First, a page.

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Functional MRI and transcranial magnetic stimulation data are helping to explain the aetiology of conversion disorder.
Conversion disorder occupies some unusual niches within the Diagnostic and Statistical Manual of Mental Disorders (DSM-IV).1 It is one of the very few conditions where the manual makes reference to aetiology, invoking emotional conflict or other stressors as an initiating or exacerbating factor in the symptom production. Furthermore, the typical symptoms of conversion disorder, like loss of sensation, paralysis or, as in the case reported by Chastan et al (see page 94), aphonia, are deemed “pseudoneurological.”2 It is for these reasons that conversion disorder is still regarded by the DSM-IV as quintessentially a psychological disorder even as psychiatry, embracing advances in neuroscience, abandons the outmoded concept of an organic–functional divide.
Chasten et al used repetitive transcranial magnetic stimulation (rTMS) applied to the motor cortex to treat a patient whose aphonia was considered a symptom of conversion disorder. The good response was not attributed to a placebo effect, given that prior stimulation of the left prefrontal cortex elicited no such improvement. Symptom resolution following a single rTMS treatment, still present after 6 months, was given added salience by the earlier failure of the patient to respond to 30 sessions of speech therapy. This dramatic result begs the question why rTMS proved so effective.
Here it is informative to step back in time. In 1886, the young Sigmund Freud, working as a neuropsychiatrist and on the cusp of defining psychoanalytic theory, turned his attention to conversion disorder, then called hysteria.3 Freud conceptualised the symptoms arising from what he termed a “large quota of affect.” Freud posited that excessive affect prevented the individual, at an unconscious level, from making appropriate associations—for example linking movement to an arm or sensation to a hand. In short, emotion could compromise the brain’s functional integrity.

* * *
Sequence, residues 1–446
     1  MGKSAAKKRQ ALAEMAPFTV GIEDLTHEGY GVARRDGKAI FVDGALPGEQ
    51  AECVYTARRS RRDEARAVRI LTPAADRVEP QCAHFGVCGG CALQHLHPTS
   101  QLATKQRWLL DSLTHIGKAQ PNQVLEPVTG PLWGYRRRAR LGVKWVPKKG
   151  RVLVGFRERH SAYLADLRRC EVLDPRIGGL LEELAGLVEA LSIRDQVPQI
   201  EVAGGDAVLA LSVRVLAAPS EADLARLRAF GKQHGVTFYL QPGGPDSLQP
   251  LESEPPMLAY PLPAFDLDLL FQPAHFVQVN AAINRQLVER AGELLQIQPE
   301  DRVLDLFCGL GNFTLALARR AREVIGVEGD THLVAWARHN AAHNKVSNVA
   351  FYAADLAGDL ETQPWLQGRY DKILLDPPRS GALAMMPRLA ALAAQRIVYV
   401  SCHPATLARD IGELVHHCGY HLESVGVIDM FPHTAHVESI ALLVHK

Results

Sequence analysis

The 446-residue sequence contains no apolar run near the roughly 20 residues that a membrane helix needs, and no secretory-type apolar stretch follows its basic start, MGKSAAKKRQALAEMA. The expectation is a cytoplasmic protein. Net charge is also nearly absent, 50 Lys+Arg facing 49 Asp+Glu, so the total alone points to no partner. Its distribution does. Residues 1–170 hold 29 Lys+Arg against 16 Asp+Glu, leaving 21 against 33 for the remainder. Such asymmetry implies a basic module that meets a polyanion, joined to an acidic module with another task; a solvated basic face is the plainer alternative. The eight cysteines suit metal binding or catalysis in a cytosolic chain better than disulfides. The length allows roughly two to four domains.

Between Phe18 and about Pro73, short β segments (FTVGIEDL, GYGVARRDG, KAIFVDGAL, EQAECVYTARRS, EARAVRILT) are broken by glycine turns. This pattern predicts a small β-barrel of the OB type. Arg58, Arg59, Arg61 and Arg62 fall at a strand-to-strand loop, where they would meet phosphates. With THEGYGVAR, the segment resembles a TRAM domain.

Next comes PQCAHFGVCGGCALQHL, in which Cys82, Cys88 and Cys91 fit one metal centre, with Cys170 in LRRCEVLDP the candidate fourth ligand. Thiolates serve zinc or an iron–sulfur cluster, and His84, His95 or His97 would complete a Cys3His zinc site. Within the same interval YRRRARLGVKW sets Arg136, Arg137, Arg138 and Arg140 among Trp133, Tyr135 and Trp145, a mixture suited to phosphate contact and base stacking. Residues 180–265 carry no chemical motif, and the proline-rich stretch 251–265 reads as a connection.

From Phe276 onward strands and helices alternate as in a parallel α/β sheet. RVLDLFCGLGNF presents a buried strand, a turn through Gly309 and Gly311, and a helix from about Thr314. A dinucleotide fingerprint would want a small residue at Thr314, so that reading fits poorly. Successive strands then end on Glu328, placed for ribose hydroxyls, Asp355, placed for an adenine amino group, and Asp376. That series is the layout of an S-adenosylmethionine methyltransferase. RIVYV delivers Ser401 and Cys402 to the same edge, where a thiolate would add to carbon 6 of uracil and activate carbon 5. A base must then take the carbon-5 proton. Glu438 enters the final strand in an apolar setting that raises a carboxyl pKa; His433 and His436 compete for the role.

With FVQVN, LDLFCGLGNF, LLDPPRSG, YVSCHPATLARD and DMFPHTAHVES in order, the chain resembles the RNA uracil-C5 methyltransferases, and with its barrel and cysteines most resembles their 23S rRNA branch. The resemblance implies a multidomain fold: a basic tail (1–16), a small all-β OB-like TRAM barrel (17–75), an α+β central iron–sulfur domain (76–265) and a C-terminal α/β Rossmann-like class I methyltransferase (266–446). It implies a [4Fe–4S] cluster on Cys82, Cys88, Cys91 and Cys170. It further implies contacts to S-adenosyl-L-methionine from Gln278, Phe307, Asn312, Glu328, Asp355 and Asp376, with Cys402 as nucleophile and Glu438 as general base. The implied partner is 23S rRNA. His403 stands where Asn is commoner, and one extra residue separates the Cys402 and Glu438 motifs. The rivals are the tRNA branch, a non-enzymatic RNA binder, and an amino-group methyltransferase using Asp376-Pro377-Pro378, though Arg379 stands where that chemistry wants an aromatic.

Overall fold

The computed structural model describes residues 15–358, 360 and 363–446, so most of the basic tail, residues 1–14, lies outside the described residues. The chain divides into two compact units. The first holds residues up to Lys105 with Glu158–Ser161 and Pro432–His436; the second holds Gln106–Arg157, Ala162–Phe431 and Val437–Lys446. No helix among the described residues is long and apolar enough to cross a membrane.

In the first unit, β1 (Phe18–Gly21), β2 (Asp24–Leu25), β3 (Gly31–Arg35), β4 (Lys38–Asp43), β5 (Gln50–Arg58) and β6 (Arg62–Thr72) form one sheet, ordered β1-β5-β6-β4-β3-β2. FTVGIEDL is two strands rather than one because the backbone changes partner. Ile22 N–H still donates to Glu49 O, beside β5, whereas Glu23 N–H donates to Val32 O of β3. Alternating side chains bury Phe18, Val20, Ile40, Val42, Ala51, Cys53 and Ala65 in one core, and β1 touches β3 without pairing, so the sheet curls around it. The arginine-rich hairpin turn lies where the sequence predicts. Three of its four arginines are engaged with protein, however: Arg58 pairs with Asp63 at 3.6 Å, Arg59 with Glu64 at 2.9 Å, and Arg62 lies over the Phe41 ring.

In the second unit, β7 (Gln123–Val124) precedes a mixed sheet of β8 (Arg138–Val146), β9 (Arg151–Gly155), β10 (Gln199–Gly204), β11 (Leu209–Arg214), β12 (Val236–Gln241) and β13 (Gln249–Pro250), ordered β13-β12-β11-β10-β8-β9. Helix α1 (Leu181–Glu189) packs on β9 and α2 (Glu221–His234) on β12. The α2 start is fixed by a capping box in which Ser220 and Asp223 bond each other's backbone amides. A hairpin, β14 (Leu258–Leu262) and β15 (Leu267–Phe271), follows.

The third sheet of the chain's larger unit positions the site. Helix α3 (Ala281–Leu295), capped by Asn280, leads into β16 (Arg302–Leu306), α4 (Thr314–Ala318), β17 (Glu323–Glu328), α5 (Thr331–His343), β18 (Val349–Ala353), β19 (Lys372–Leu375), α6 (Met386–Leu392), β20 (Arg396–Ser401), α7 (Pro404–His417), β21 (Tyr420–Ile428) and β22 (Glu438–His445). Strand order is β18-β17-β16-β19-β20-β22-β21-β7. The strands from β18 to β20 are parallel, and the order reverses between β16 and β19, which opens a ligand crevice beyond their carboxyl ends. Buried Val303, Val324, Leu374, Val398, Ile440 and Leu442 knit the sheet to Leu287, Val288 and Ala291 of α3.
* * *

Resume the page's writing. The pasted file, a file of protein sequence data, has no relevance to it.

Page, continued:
Recent evidence from a small series of fMRI studies suggests this theory may have some validity. A reduction or absence in cerebral activation has been recorded in the motor and sensory cortices of patients presenting with the motor or sensory subtypes of conversion disorder, respectively. At the same time, these patients showed ancillary activations in the anterior cingulate and orbitofrontal cortex, regions that play a pivotal role in modulating emotion.4 5 What Chasten et al suggest is that rTMS has the ability to restore the appropriate cerebral connectivity by activating a suppressed motor cortex (or, for that matter, any other inactive cortical region) while presumably over-riding the inhibitory influence of an aroused limbic system.
This is an interesting theory, but further research is needed to replicate and extend the findings. The patient with aphonia in Chasten et al’s report did not have functional brain imaging. Therefore, a study that combines rTMS with a fMRI protocol pre- and post-treatment offers a robust way of putting theory to the test. And here, a note of caution seems prudent. Conversion disorder is a complex phenomenon. A reductionist theory positing a single aetiological mechanism, no matter how intriguing, is unlikely to provide all the answers. It is, however, a useful point of departure.
Competing interests: None.
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